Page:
Late night taxi tales can be very revealing. They are like the best thing when you want to listen to candid, real life stories from the heart.
Everything goes. From those who believe nothing good is happening in their lives and that they’d rather have slept in office or the taxi park as opposed to returning home to lovelessness, to the happy souls. There is always the girl that just made her first one million shillings genuinely or the guy rushing back to see his first child. Oh, there is also that politician who has just convinced an extra voter to trust him with their mandate.
They always open up. To strangers, regardless of who is listening.
And so last night, the conversation was about ‘name change’.
A young couple occupying the back seat was planning on getting married in less than two weeks. The man was, however, threatening to call it off because the future wife did not want to take on his name.
She argued that she could not lose her identity even if it meant remaining single.
You should have seen us jump in and accuse the girl of all sorts of things.
She stuck to her guns.
The man, she said, had a very ‘fake’ surname. One of those that would mean something else before her Baganda relatives.
Also, it would water down her sexier name, she maintained.
An older woman reminded everyone on this dark-in-the-dead trip that taking on a man’s name symbolises commitment and ‘keeps you as a unit.’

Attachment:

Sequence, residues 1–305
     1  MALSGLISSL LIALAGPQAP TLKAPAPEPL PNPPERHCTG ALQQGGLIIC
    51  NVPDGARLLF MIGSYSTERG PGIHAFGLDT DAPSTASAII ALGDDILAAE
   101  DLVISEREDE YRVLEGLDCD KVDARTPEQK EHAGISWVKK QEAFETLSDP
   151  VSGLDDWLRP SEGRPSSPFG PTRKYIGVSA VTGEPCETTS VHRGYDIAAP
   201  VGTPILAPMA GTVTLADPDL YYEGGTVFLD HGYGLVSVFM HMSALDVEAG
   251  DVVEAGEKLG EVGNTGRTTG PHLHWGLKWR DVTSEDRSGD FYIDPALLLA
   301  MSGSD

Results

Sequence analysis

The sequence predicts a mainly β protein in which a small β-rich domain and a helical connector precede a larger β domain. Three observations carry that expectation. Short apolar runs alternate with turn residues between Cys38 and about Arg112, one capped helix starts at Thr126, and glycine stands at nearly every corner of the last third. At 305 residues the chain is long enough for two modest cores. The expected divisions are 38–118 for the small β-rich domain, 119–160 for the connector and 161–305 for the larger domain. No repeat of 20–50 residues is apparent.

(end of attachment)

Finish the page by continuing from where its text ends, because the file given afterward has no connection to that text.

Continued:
‘You are not in it for fwaaa.’
We concurred and drove on in silence.
I was, however, reminded of a letter that had earlier made rounds purportedly written by a family head warning an in-law against using ‘their name’ in the murky world of politics.
“We, therefore, as a family in consultation with Kansiime, our brother/your husband decided that you relinquish his name from your name as they appear on your campaign posters and stick to your very own,” part of the letter reads in part.
Willis Bashasha, the said author of the letter to the Bushenyi District Woman MP aspirant Eunice Tworekirwe, has since distanced self from ‘such confusion’.
But the damage had already been done. Under such circumstances, I would advise her to go the Wangari Maathai way.
Remember the Kenyan Nobel Peace prize winner? Well, she managed to outsmart her husband, Mwangi Mathai, who, after a two-year separation, filed for divorce in 1979.
And instead of dropping the ‘Mathai’ name for which she’d been known for ages, opted to instead add an extra ‘a’ after ‘M’.
Eunice should drop an ‘I’ in Kansiime. That way, snoopy in-laws will become a thing of the past. She can thank me later.